poker,
and you lay in your fiancee’s arms
while she cries and holds you to her
heart
and you think
“How would I like my death?
Scrambled
or over easy?”

Punctuation Marks

Poetry,
for him,
consisted of
impactful observations
which struck sharply upon mortality,
punctuating
like roadkill
here and there
the highway of life
to remind us of the
inevitable
end of the road,
and, so,
provoking our sympathies
for, and from,
what we will all become
as Death’s eighteen-wheeler
eventually overtakes us.

Frayed

This chequered quiltwork life
has many frayed edges and loose seams:
the petty coworker strife,
the disappointed career dreams,
the shivering colds and feverish flus,
the traffic delays going home,
the overtime and the insurance dues,
the snagging, yanking, tearing comb—
all frayed edges and loose seams,
all petty nuisances and annoying frets,
all rotten strawberries and spoiled creams
all lost chances and hopeless bets.
And yet it persists, this tattered thing
held together stubbornly, day to day,
despite the mud spatter and the coffee ring,
the food stains and the flea-bitten stray.
But when you were torn away from me,
so, too, was the cross-stitched heart
of that assemblage, that tapestry,
and it all unraveled, coming apart.

Free “Chloe Among The Clover” giveaway.

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This weekend I will be having a giveaway for my children’s novel “Chloe Among The Clover” on Amazon kindle. The novel follows a chick in the (literal) Summer of youth and is intended for children on a surface level, but also is intended for adults in its symbolism and subtext. I have received positive feedback from children and adults, so if you want some light reading, give it a try. There is a paperback version too, priced at $8. I hope to have the sequel, “Stormy Within The Strawberry Patch”, ready by Christmas.

Cold

Standing in the cold,
I watched snow fall last night,
white specks drifting down
from a great black height
and stared at one snowflake
twirl-tumbling down,
inevitably, its uniqueness
arrayed as a crown
lost in the distance, the dark,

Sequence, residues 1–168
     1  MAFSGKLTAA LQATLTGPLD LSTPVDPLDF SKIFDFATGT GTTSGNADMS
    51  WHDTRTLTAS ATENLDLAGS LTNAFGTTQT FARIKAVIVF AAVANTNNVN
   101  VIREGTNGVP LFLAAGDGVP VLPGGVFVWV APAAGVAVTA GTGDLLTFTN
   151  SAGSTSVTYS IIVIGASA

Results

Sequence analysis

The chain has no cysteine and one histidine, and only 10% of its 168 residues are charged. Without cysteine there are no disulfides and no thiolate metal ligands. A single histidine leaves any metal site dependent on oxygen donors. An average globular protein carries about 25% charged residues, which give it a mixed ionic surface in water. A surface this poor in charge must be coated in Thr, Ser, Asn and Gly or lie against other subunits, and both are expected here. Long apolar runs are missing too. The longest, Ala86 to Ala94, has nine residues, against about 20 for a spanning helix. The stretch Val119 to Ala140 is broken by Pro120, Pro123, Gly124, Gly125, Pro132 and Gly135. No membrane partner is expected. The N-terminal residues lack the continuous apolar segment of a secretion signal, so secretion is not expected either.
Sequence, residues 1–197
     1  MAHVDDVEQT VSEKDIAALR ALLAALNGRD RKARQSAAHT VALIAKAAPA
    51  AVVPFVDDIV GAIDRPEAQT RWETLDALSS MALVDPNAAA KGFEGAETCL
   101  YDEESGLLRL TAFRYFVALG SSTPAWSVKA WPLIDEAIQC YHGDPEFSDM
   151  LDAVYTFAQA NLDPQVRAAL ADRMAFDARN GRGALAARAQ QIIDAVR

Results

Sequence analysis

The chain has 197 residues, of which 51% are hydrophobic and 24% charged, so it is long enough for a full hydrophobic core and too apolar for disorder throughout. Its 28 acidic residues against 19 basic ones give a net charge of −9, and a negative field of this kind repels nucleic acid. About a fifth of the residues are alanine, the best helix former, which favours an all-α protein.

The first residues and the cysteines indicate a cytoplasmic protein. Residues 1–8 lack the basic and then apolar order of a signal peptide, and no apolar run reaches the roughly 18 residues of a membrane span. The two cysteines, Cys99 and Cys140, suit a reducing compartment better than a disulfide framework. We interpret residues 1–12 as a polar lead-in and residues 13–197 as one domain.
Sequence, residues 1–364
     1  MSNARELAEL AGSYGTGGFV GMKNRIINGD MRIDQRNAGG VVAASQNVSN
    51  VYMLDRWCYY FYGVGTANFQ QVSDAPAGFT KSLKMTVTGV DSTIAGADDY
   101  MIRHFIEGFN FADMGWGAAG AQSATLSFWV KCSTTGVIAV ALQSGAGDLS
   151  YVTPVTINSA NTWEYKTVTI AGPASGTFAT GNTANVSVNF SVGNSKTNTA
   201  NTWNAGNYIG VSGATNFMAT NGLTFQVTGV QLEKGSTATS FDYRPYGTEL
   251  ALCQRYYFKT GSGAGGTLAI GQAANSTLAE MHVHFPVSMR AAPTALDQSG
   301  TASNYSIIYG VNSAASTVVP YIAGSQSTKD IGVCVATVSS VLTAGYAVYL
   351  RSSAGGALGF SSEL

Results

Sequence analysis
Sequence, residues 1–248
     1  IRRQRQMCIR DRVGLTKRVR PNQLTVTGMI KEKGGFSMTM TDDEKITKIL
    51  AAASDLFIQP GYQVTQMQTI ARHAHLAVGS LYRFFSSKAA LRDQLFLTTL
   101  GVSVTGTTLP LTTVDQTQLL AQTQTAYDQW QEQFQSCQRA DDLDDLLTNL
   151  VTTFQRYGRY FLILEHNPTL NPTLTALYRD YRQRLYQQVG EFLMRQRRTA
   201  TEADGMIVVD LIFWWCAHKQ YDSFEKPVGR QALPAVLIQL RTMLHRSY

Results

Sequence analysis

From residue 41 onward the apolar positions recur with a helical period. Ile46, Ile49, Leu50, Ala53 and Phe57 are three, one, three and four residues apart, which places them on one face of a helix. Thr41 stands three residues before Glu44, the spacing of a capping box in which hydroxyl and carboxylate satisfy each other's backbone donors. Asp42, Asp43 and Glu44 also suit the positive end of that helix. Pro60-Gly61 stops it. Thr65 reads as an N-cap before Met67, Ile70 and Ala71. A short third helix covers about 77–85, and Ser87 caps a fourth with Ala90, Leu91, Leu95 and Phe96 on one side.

obscure in its detail,
its fractals of personality,
its soul, as it fell
to the wet, glistening ground,
on the hard concrete,
and it melted upon impact,
next to my unmoved feet;
and I wondered if Someone
in that black-and-white starkness
looked on as we all fell,
from darkness to darkness,
and, bundled up warmly,
cocooned indifferently to all,
it did not deign to catch us
as it watched us fall.

The Hay Bale Heart Of Summer

The hay bale hunkered upon the hillside,
wound round within itself, tight and yet soft,
gilded with the sun gleaming along its hide
or shaded by passing clouds, fat and floating aloft.
Beneath it, a green wildfire of grass rolled like a wave
spreading downhill before relaxing as if unto a bed
below a blue sky yawning like an airy cave
and trees gathered afar, bowing each heavy head.
I am akin to you, my silent, stoic hay bale,
basking in the light of of another dawn,
like rays of the sun pooled into a funneling pail
and sleeping atop the foothills, threshed and drawn
unto a woven spool of Summer, coiled and aglow,
or soggy in the cold rains of weepy Fall,
or bearded with the white blankness of snow
when the somber black and white Winter rules over all.
And yet, even then your heart is Summery and warm,
feeding the animals as they await the Spring,
and thus feeding us all through Winter’s storm,
until ice has melted and winds no longer sting.
Kin, see how both of us, after a heavy dew,
give rise to dream mists in the cooling night,
fuming a fog of ghosts in a boggy brew
that lasts as daydreams linger in the morning light?
If only the child-hearted would delight in my mind
as they do you, climbing the curvature of your flanks,
or rolling you downhill, as they all run behind,
laughing to see you leap in joy, and in thanks.